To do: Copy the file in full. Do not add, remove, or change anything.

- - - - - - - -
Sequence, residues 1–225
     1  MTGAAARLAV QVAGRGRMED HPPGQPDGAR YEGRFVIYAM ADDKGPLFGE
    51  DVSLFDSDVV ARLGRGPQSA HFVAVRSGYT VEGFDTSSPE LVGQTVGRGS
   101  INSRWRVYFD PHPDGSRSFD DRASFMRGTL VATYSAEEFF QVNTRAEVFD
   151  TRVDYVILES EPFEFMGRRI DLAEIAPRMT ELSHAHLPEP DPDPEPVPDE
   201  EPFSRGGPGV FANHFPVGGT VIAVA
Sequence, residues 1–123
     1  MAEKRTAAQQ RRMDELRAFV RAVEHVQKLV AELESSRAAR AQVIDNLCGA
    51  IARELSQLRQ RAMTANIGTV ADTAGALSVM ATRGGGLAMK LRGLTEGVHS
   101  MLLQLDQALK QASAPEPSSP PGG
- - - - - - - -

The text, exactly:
Sequence, residues 1–225
     1  MTGAAARLAV QVAGRGRMED HPPGQPDGAR YEGRFVIYAM ADDKGPLFGE
    51  DVSLFDSDVV ARLGRGPQSA HFVAVRSGYT VEGFDTSSPE LVGQTVGRGS
   101  INSRWRVYFD PHPDGSRSFD DRASFMRGTL VATYSAEEFF QVNTRAEVFD
   151  TRVDYVILES EPFEFMGRRI DLAEIAPRMT ELSHAHLPEP DPDPEPVPDE
   201  EPFSRGGPGV FANHFPVGGT VIAVA
Sequence, residues 1–123
     1  MAEKRTAAQQ RRMDELRAFV RAVEHVQKLV AELESSRAAR AQVIDNLCGA
    51  IARELSQLRQ RAMTANIGTV ADTAGALSVM ATRGGGLAMK LRGLTEGVHS
   101  MLLQLDQALK QASAPEPSSP PGG